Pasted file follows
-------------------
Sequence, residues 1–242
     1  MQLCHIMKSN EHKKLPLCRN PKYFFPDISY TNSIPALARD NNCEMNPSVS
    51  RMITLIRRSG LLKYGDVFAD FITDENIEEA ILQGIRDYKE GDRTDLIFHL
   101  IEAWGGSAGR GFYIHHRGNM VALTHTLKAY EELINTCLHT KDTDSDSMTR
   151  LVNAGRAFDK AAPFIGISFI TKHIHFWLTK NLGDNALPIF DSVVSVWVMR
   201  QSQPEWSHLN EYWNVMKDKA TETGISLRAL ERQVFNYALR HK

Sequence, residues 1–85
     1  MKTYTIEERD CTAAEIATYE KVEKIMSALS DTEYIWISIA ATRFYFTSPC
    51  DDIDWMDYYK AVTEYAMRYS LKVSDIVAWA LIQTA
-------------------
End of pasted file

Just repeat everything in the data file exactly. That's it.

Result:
Sequence, residues 1–242
     1  MQLCHIMKSN EHKKLPLCRN PKYFFPDISY TNSIPALARD NNCEMNPSVS
    51  RMITLIRRSG LLKYGDVFAD FITDENIEEA ILQGIRDYKE GDRTDLIFHL
   101  IEAWGGSAGR GFYIHHRGNM VALTHTLKAY EELINTCLHT KDTDSDSMTR
   151  LVNAGRAFDK AAPFIGISFI TKHIHFWLTK NLGDNALPIF DSVVSVWVMR
   201  QSQPEWSHLN EYWNVMKDKA TETGISLRAL ERQVFNYALR HK

Sequence, residues 1–85
     1  MKTYTIEERD CTAAEIATYE KVEKIMSALS DTEYIWISIA ATRFYFTSPC
    51  DDIDWMDYYK AVTEYAMRYS LKVSDIVAWA LIQTA